When I think about the 50th anniversary of the March on Washington for Jobs and Freedom, I think about all the young black people back in 1963 whose footsteps were powered by their pain.

And their dreams.

Many, like U.S. Rep. John Lewis of Georgia, then a member of the Student Non-Violent Coordinating Committee and the youngest person to speak at the march, made their way to the National Mall, their flesh still stinging from billy club beatings and hits from high-pressure hoses, their ears still ringing with slurs from racists.

Yet they didn’t give in to the hopelessness that such violence was intended to induce. They fought it. And because they fought it, they ended the unjust laws that would have kept them stuck at second class status.

But here we are, 50 years later, and the violence and discouragement that many young black people who marched on Washington endured is plaguing black youths again.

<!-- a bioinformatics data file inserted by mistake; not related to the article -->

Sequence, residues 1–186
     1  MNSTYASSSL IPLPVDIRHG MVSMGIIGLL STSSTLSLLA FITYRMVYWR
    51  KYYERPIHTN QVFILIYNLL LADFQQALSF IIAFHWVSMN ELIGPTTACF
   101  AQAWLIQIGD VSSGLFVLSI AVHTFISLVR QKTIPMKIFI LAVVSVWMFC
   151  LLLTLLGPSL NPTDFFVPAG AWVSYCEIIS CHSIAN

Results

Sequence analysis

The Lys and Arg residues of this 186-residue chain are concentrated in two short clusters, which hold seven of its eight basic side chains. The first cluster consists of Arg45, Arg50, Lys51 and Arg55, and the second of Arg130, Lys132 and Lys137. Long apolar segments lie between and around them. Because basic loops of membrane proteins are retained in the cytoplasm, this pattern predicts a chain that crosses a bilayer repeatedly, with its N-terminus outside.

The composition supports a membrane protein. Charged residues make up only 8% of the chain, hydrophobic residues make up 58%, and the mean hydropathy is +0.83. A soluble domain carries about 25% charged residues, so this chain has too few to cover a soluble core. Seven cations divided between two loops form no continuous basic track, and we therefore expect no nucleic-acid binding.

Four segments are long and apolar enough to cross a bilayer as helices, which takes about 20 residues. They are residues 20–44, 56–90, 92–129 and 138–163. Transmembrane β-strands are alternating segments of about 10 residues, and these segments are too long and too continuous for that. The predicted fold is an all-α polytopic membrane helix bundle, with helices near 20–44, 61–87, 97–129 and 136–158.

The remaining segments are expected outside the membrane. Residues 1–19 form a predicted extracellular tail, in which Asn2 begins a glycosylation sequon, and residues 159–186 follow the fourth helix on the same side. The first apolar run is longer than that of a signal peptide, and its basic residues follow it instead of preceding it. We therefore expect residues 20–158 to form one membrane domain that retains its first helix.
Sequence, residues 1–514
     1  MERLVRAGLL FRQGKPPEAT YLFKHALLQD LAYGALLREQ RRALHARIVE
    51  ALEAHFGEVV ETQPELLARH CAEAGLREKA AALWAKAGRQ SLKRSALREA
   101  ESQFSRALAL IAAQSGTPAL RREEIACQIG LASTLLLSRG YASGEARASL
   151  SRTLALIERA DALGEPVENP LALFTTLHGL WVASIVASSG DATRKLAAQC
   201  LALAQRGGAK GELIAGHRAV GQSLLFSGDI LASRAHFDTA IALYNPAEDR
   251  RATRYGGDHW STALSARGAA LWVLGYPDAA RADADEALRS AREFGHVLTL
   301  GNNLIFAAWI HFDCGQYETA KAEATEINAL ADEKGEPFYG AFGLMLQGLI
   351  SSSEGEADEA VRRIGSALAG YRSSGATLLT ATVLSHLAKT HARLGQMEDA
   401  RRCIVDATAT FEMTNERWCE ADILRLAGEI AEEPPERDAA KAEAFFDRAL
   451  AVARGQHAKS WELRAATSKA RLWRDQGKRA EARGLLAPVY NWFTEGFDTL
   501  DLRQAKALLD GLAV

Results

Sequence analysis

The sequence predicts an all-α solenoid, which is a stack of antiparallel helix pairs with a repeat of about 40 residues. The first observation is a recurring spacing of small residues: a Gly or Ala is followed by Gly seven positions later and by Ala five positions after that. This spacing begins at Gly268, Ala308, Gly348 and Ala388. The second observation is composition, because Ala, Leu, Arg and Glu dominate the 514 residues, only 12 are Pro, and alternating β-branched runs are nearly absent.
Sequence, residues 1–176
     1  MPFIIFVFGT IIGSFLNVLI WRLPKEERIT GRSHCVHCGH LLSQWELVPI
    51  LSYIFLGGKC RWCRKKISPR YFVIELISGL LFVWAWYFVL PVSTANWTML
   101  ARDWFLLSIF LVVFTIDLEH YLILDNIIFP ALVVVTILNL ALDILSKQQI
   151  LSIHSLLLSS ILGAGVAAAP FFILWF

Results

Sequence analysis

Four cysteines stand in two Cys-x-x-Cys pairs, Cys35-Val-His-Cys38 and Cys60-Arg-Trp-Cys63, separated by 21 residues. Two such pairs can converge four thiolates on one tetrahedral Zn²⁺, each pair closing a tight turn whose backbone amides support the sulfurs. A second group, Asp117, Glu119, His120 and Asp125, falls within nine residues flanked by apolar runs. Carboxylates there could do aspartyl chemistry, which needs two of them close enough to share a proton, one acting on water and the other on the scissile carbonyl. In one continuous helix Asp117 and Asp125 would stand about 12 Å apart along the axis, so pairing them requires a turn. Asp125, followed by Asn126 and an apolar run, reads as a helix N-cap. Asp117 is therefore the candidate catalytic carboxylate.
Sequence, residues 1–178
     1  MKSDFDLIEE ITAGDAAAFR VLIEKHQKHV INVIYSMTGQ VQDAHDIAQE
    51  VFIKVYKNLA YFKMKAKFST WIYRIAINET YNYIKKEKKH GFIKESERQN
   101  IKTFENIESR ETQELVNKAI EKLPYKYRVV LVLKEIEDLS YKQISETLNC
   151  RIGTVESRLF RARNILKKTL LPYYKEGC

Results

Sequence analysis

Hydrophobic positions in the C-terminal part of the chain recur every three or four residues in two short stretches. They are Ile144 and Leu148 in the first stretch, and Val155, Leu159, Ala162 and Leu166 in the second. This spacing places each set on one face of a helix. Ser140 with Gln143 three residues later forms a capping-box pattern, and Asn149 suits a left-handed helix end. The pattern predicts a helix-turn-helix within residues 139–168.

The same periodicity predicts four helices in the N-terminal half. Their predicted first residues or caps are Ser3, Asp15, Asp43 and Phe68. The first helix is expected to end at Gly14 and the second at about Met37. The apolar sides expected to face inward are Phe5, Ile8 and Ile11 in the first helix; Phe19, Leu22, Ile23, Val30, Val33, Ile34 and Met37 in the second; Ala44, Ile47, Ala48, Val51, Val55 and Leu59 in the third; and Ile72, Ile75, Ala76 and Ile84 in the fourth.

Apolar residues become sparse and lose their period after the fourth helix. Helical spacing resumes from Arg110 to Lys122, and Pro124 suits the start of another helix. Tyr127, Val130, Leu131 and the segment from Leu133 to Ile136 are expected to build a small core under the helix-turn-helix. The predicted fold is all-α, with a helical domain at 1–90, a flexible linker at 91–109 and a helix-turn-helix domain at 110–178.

The difference, though, is that while the 1963 marchers who were beaten by racists saw it as the price of a better future, many of the black youths who are killing each other en masse in cities like Chicago can’t quite see that future through the haze of an unemployment rate of 42 percent and other issues.

And because they are acting on their hopelessness, they are, unfortunately, giving lawmakers excuses to create more unjust laws that are, like the segregationist laws of old, designed to keep them in line.

Laws like the one which got Trayvon Martin‘s killer, George Zimmerman, acquitted.

At the National Association of Black Journalists’ Convention recently, Benjamin Crump, the attorney representing Trayvon’s family, said that a focus of the 50th anniversary of the March on Washington will be on justice for Trayvon, which includes a push to amend Stand Your Ground laws and to stamp down teenage violence.